Friday, 1 April 2011
However, as a Copyright Officer with a sense of humour, I was determined to unearth some witticisms on the subject of copyright. A lot of my followers on Twitter were extremely forthcoming with jokes to do with copyright, and I had an excellent response to my research (which was done, as light-hearted things always are, on a Friday). Yet, as I gathered all these jokes, quips, puns and cartoons together to find one suitable for my presentation, I had a sneaking suspicion that I may not be able to formulate them into a blog post, given that they were probably (ironically) copyright protected. So I let them be.
But today I have been encouraged and inspired by an article in the Washington College of Law's publication Intellectual Property Brief which discussed the copyright in a joke. Caroline Gousse has carefully analysed the courts' responses to the copyrightability of jokes, and has determined that it has only been in very rare cases that courts have declared jokes as attracting copyright protection. Not only that: the very reason for a joke's existence is to induce laughter, and the novelty factor of a joke wears off the more that it is told.
So, in light of this positive encouragement, I want to review some of the wonderful humour on and about copyright which was shared with me by Twitter faithfuls a few months back:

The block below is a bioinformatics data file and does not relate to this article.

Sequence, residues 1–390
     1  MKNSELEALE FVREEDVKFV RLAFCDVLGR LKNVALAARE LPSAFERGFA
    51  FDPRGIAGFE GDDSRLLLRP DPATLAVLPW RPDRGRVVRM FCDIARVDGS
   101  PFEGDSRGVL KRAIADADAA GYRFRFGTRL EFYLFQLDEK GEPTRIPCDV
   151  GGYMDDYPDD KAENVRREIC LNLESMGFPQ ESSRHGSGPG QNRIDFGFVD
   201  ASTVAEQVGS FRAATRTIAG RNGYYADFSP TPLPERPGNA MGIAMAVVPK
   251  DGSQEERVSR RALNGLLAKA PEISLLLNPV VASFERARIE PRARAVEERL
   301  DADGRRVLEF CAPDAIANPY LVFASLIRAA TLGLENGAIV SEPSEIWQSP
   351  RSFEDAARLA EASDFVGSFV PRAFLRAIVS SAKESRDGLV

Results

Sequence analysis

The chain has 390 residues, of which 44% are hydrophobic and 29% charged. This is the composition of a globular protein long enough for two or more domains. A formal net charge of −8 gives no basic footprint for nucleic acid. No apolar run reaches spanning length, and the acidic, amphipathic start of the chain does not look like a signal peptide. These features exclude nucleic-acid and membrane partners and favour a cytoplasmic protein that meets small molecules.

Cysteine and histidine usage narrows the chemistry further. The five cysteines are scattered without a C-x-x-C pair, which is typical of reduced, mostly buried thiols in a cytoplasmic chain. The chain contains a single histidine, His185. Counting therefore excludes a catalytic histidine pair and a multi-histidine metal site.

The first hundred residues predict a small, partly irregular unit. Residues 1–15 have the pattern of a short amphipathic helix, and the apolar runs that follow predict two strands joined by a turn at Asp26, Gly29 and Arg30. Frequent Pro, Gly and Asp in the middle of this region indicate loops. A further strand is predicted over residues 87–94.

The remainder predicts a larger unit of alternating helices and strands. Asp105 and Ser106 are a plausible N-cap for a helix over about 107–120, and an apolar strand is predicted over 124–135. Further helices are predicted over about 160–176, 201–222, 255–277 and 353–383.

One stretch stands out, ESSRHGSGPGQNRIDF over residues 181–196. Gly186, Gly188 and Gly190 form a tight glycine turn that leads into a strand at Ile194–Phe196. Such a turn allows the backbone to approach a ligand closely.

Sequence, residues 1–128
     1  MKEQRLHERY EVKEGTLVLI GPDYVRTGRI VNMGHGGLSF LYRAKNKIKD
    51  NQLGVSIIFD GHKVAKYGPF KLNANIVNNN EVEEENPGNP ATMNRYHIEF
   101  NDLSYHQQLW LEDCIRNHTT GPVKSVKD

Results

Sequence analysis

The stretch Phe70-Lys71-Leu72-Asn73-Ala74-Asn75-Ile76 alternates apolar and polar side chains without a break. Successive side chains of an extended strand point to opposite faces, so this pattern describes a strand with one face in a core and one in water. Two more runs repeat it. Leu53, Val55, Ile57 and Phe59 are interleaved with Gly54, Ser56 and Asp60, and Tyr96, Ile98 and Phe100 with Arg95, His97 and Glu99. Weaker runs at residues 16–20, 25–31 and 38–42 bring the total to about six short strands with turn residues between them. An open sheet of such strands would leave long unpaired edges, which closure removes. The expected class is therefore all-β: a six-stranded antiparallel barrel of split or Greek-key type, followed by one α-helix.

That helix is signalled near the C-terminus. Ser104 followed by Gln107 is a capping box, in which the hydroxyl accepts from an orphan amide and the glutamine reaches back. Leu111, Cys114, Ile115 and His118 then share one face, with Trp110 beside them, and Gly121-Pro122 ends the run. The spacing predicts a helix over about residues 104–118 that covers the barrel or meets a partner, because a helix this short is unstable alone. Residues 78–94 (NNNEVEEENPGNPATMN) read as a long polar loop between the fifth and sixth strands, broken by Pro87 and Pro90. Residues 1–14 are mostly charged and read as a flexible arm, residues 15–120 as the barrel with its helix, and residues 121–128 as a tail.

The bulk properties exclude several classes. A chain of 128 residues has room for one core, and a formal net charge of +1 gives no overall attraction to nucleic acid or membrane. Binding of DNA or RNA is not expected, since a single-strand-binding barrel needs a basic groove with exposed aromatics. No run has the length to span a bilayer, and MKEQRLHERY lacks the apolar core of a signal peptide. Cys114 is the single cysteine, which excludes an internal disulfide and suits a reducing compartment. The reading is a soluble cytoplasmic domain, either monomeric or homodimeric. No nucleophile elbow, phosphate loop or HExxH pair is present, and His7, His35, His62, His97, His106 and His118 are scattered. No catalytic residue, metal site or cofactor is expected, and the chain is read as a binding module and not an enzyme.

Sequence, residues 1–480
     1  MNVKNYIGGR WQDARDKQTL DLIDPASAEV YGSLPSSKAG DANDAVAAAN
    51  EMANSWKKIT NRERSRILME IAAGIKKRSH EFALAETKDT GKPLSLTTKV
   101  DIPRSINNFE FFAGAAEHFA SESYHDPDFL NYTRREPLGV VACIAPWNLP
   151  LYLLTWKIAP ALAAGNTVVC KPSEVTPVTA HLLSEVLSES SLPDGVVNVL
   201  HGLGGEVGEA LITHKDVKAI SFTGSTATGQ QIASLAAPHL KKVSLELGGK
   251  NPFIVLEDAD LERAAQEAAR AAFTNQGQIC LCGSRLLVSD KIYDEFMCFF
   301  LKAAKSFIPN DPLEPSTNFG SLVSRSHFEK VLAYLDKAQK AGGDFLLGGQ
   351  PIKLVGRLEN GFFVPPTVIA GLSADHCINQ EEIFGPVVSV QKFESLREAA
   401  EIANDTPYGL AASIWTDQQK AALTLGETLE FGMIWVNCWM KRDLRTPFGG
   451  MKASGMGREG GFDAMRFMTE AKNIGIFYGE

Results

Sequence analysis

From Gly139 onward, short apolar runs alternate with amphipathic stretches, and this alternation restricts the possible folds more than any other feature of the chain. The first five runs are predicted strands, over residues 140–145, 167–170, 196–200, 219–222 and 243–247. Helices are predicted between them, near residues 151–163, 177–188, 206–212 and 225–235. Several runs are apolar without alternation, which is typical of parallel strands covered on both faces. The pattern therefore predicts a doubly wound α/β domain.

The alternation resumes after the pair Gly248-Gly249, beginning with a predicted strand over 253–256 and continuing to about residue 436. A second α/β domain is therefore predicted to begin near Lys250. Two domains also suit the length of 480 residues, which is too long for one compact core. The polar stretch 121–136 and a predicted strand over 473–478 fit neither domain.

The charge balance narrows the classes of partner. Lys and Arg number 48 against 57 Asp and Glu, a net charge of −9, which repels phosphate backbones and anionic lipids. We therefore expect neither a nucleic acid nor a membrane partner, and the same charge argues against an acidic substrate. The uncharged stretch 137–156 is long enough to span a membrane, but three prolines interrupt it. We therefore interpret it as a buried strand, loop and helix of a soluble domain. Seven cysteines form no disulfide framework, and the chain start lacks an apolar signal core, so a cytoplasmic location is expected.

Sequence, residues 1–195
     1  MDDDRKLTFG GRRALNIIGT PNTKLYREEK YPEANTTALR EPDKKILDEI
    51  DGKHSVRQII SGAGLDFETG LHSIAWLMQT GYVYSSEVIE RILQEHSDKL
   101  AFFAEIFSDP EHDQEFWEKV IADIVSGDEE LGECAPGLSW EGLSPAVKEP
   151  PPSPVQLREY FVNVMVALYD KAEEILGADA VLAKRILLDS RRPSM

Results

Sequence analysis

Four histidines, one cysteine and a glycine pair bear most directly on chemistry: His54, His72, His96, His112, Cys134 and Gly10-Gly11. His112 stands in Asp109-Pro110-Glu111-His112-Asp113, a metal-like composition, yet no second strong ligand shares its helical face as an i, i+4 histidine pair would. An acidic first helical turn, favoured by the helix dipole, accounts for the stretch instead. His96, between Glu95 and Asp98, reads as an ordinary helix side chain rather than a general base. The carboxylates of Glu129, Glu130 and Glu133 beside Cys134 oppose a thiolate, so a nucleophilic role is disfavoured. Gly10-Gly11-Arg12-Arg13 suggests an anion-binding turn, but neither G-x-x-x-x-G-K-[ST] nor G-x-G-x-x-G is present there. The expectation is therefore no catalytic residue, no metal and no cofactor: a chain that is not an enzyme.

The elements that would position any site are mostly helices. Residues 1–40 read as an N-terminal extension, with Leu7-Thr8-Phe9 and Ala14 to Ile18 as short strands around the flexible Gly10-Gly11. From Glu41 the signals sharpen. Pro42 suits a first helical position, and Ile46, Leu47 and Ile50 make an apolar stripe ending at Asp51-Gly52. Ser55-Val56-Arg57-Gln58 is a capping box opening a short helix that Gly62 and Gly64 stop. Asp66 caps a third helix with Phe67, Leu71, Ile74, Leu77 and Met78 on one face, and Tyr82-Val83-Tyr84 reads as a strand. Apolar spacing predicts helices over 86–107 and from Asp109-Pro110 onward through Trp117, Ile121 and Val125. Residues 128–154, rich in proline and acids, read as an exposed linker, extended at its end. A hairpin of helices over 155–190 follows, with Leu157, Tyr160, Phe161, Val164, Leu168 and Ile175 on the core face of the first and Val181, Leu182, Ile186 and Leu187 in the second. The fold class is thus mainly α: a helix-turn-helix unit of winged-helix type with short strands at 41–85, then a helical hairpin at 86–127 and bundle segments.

I went to a party the other day and everyone was naked, turns out it was fancy dress but it was raided by ACS Law and all the superhero costumes were copyrighted (via @patlockley)
Why do all copyright lawyers like kings and queens? Because they are big fans of royalties (via @patlockley)
An Englishman, Irishman and Scotsman walk into the bar, The Englishman says "I wish I had copyrighted this joke" (via @BugsieGiven)
I know a very good joke about copyright but unfortunately I can't afford the royalty fees to be able to tell you.. (via @Felna - a lot of people came up with the same line!)
How many copyright lawyers does it take to change a light bulb? Two - one to decide to do it, the other to actually change it (via @aaronwood)
I have a fabulous copyright joke but I can't share it as it's not licensed for redistribution (via @neonwombat)
Johnny Depp was arrested today for making pirate DVDs (via @4ndrewWall)
Cartoons about copyright:
http://www.courtoons.net/2009/03/16/copyright/ http://www.lonympics.co.uk/new/Aaay.php http://www.law.duke.edu/cspd/comics/digital.php http://ninapaley.com/mimiandeunice/2010/07/30/intellectual-pooperty/ http://warriorlibrarian.com/IMHO/nocopyme.html http://www.cartoonstock.com/lowres/cgo0236l.jpg http://dilbert.com/strips/comic/2010-09-02/
(with greatest of thanks to all who submitted - you provided me with much amusement)